Constance Markievicz in the uniform of the Irish Citizen Army
Photographic postcard of the Countess Markievicz, the only woman to be elected in the 1918 UK General Election.
Of the women stood for election in 1918, only Constance Markievicz was elected to Parliament, for the constituency of Dublin St. Patrick's, in what was then British Ireland. She was the Sinn Féin candidate, and she's a reminder that the 1918 election was historic for many reasons. It was the first election since the Easter Rising of 1916, which had provoked huge anger in Ireland against the British government, and galvanised the Irish Independence movement. Constance, the Irish-born wife of a Polish count, had herself fought in the Rising and been sentenced to death, but pardoned because of her sex.
At the time of her election, she was in London's Holloway Prison, serving a sentence for interfering with the British government's attempt to conscript Irish men to fight in the First World War. Neither she nor any of the other Sinn Féin Members of Parliament who were elected went to London to serve in the House of Commons. Instead, they created their own Parliament, or Dáil, in Dublin, and declared most of Ireland- which had voted overwhelmingly for Sinn Féin in the 1918 election- to be an independent nation.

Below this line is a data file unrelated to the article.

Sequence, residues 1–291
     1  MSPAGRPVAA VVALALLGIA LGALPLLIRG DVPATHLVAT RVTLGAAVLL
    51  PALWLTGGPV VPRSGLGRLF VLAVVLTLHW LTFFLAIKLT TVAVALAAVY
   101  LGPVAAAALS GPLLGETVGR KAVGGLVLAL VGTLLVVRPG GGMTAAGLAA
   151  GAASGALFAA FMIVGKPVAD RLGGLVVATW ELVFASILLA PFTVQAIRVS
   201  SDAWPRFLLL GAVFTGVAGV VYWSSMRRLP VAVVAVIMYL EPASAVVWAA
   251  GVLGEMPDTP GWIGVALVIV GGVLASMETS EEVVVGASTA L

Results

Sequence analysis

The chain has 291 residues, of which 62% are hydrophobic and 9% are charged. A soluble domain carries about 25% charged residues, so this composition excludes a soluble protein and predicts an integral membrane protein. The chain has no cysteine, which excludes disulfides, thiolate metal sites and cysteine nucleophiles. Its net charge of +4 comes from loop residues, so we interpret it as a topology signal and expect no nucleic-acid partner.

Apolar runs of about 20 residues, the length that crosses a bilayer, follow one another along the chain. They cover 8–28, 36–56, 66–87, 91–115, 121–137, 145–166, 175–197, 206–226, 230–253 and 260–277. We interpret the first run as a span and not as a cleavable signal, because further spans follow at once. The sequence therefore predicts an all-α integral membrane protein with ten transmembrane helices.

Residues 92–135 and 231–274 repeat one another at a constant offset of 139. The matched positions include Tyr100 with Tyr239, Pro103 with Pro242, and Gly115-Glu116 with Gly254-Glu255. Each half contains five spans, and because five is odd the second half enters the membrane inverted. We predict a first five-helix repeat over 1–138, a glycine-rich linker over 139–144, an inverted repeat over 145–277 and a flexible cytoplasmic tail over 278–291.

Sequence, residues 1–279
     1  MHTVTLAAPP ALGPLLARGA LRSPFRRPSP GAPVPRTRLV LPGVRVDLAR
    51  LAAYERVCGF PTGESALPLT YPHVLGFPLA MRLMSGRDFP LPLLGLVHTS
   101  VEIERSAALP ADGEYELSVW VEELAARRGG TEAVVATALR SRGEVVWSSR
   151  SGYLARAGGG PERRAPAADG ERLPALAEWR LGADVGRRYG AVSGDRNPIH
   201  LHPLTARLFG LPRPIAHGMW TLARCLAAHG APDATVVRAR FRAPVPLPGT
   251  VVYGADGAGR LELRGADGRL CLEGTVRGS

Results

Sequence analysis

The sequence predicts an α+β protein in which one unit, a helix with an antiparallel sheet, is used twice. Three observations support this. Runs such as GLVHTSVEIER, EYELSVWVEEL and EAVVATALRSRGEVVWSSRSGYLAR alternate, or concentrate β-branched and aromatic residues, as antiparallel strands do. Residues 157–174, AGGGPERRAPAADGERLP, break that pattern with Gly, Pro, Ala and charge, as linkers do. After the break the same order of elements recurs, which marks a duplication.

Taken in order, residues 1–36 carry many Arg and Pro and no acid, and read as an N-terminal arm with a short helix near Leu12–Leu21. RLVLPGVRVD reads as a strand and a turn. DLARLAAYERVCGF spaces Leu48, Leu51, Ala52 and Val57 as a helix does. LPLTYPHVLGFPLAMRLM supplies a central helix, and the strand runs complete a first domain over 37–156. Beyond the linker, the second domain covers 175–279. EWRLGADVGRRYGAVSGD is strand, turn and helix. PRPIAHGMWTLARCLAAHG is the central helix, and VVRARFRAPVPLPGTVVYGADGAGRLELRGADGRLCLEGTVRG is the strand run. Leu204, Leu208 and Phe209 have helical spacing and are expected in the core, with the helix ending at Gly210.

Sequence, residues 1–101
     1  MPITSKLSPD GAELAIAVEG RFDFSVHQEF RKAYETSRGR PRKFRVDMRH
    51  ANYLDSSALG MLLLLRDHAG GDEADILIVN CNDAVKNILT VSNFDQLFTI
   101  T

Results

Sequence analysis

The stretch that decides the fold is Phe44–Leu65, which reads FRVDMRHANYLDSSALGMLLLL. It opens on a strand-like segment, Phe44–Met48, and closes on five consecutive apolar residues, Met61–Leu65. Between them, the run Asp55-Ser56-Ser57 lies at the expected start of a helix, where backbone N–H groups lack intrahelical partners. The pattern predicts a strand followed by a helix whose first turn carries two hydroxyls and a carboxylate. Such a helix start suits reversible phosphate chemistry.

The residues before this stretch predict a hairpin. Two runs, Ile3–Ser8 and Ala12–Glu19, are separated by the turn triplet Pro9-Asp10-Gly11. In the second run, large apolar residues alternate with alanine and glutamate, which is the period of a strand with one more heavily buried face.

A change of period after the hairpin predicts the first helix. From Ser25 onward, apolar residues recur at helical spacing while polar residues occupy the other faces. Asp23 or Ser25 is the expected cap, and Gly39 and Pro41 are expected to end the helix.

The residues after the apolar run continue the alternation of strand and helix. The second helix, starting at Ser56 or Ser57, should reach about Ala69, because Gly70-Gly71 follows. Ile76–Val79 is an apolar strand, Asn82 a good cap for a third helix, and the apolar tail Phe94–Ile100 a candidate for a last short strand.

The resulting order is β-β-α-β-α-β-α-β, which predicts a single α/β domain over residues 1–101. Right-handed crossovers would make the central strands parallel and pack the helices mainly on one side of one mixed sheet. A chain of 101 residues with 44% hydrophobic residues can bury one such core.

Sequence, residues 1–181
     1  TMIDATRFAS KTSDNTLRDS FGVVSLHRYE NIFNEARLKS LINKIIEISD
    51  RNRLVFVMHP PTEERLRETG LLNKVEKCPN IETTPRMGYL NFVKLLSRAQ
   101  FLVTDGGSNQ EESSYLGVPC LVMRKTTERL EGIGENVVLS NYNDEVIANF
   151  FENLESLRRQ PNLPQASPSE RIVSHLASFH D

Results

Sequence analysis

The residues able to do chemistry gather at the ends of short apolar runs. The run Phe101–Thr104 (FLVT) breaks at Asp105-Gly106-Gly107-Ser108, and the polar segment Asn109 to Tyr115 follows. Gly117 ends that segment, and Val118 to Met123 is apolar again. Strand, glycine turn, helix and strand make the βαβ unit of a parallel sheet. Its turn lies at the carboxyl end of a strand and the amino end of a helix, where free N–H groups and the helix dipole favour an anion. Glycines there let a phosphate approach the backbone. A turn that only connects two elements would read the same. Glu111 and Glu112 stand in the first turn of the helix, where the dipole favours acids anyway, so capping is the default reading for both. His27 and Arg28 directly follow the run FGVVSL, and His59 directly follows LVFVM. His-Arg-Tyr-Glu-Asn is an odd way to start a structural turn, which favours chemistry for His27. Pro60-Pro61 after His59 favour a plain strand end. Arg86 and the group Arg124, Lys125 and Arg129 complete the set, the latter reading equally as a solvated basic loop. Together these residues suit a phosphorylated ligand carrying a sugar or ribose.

When the First Dáil met, and the new representatives counted, Constance was described as "fé ghlas ag Gallaibh": imprisoned by the foreign enemy, meaning the British. It would not be until 1919 that Nancy Astor would be elected as the first woman to serve in the House of Commons.